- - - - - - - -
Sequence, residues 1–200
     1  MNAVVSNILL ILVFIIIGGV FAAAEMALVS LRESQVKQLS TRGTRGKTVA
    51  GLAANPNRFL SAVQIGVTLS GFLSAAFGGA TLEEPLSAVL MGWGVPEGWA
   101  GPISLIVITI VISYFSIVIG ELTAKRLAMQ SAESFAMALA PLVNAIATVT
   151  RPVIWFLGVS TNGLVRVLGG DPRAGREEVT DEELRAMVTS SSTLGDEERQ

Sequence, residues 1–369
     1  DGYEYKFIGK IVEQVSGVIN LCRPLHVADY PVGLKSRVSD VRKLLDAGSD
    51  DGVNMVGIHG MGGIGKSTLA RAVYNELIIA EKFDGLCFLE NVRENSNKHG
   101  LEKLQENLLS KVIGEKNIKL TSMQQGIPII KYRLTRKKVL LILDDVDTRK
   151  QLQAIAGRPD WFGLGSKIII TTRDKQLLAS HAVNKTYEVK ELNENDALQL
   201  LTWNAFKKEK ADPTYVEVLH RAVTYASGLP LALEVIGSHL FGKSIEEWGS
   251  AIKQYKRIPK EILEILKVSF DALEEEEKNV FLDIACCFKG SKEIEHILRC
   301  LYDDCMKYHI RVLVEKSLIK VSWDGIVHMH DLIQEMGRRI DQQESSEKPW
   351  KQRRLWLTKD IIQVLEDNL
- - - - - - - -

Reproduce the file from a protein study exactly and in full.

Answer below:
Sequence, residues 1–200
     1  MNAVVSNILL ILVFIIIGGV FAAAEMALVS LRESQVKQLS TRGTRGKTVA
    51  GLAANPNRFL SAVQIGVTLS GFLSAAFGGA TLEEPLSAVL MGWGVPEGWA
   101  GPISLIVITI VISYFSIVIG ELTAKRLAMQ SAESFAMALA PLVNAIATVT
   151  RPVIWFLGVS TNGLVRVLGG DPRAGREEVT DEELRAMVTS SSTLGDEERQ

Sequence, residues 1–369
     1  DGYEYKFIGK IVEQVSGVIN LCRPLHVADY PVGLKSRVSD VRKLLDAGSD
    51  DGVNMVGIHG MGGIGKSTLA RAVYNELIIA EKFDGLCFLE NVRENSNKHG
   101  LEKLQENLLS KVIGEKNIKL TSMQQGIPII KYRLTRKKVL LILDDVDTRK
   151  QLQAIAGRPD WFGLGSKIII TTRDKQLLAS HAVNKTYEVK ELNENDALQL
   201  LTWNAFKKEK ADPTYVEVLH RAVTYASGLP LALEVIGSHL FGKSIEEWGS
   251  AIKQYKRIPK EILEILKVSF DALEEEEKNV FLDIACCFKG SKEIEHILRC
   301  LYDDCMKYHI RVLVEKSLIK VSWDGIVHMH DLIQEMGRRI DQQESSEKPW
   351  KQRRLWLTKD IIQVLEDNL